Could that be the reason why someone like Mike Tyson is now bankrupt despite making more than a hundred million dollars from boxing?
"Tyson had terrible, terrible, terrible advisers, that's one clear thing. The people who have advised him throughout his career have not got it right." I felt like screaming, preach on brother.
"They've not done anything good for him. I don't know how many people have made how much from him, but they've not given him the right advice. I think if someone had taken him at the age of 16 and said, you know what? You're going to box, you're going to box, but after that, you're going to do some school work, things might have been different. Or if he was allowed to have another year or two of education, so that he could be disciplined and question his advisers, he'll be a different person and he probably won't be bankrupt. He could have made better decisions in his life. It's obvious people have kept education away from him because he's been easier to handle."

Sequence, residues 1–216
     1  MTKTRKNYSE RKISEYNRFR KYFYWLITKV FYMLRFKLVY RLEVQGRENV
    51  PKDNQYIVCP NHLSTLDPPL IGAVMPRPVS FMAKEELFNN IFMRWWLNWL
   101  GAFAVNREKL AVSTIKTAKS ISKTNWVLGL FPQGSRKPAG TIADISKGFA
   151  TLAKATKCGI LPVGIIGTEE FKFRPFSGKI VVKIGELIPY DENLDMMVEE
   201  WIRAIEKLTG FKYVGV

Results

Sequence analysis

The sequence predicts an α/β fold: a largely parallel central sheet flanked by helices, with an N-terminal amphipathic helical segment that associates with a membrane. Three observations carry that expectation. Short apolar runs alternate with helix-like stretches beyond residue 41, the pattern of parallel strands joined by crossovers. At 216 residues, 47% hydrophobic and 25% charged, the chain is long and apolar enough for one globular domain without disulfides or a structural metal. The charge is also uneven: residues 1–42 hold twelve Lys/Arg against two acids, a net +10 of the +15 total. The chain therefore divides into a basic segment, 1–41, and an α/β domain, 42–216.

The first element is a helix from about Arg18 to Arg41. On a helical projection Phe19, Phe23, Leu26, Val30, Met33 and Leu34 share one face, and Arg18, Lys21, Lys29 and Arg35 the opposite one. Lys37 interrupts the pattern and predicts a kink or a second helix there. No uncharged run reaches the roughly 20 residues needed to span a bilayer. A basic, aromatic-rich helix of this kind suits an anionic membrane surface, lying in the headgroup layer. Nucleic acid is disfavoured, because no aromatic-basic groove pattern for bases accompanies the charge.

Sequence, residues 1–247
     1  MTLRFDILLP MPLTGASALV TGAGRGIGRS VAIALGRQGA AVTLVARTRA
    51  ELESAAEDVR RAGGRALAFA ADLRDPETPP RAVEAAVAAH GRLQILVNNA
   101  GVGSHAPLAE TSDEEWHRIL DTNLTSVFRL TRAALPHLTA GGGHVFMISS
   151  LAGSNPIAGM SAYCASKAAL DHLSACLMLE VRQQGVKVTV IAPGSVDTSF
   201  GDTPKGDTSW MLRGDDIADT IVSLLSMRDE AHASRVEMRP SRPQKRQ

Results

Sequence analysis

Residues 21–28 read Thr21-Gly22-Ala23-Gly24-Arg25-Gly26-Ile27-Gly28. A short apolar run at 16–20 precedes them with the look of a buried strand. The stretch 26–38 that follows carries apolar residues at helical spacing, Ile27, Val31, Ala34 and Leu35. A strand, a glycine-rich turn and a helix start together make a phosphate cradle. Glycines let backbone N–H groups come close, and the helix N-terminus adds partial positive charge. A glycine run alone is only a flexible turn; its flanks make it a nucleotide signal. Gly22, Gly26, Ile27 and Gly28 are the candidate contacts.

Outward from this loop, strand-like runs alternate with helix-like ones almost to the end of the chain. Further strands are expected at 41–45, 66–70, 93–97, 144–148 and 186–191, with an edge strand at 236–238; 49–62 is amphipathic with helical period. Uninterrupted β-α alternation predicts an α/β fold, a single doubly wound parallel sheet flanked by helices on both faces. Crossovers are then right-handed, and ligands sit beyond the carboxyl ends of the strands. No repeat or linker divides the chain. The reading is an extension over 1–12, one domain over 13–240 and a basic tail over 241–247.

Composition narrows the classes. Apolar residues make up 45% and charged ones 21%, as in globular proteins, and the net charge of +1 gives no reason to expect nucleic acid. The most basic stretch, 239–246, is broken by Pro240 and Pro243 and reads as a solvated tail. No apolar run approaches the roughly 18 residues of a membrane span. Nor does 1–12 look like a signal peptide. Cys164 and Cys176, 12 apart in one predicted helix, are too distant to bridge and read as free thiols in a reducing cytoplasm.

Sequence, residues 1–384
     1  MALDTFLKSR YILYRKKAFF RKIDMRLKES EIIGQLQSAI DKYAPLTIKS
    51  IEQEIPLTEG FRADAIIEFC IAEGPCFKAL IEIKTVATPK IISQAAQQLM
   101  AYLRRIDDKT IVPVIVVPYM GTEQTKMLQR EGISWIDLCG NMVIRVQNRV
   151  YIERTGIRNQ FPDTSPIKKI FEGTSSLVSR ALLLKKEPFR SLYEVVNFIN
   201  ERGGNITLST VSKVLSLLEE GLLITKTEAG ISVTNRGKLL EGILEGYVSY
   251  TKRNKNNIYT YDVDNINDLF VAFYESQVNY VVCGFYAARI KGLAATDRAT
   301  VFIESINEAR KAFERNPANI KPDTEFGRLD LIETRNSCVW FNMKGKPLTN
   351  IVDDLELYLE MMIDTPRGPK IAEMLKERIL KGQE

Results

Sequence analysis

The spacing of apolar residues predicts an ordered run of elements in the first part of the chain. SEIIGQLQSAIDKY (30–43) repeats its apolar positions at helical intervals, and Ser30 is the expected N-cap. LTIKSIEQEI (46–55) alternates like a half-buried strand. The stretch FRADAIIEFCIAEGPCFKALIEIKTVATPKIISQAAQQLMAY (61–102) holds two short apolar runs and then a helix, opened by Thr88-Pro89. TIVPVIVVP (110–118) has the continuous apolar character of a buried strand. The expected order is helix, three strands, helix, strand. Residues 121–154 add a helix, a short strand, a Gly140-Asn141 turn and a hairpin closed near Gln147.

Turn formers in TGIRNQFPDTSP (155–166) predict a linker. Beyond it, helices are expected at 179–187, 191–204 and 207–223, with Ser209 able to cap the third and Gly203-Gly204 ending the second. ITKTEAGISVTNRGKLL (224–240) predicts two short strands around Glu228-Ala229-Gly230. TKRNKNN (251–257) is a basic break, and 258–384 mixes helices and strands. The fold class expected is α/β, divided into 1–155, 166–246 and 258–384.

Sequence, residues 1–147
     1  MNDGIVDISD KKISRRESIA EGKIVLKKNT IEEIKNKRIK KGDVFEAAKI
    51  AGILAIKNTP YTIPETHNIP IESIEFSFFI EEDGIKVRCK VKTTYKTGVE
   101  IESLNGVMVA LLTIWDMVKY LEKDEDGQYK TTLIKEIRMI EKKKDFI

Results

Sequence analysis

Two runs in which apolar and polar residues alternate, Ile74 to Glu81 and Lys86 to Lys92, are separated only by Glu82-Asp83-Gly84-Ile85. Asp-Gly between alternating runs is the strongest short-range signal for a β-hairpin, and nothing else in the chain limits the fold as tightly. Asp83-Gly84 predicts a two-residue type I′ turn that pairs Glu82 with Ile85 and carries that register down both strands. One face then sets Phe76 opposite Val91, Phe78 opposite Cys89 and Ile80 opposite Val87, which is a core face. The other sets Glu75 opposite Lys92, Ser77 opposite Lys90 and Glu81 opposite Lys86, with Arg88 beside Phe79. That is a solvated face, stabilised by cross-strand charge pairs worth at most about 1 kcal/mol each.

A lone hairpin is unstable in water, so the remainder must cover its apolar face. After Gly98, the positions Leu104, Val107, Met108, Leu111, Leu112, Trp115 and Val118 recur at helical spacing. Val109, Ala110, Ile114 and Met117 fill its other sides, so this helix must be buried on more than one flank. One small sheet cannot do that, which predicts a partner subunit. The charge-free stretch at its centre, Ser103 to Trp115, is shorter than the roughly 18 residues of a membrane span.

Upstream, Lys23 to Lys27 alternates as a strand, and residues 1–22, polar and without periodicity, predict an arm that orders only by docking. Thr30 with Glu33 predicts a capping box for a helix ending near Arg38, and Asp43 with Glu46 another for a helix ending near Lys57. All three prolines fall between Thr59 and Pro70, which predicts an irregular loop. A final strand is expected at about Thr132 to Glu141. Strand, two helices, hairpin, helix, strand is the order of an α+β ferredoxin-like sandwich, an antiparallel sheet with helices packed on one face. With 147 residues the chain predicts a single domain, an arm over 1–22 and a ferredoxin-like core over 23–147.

Do you inculcate that into your protégés?
"Yes, that's the way we do it, but I'm not going to force somebody to study. They can come to this Centre and learn how to be administrators, or how to organise referees during games. They also get to know how to order the equipment's we use and they could be running the office themselves. They're so many things to learn in Leisure Management and at the end of the day, you'll find things that are of interest to some of them. Its not just academics and neither will I insist you must have an O/level or A/levels.Your interest could be vocational education, there're stuffs people can do outside sports and there'll be nobody here who's just into basketball."
John works with a number of children and youth charities, this prompted me to ask why he focuses these two groups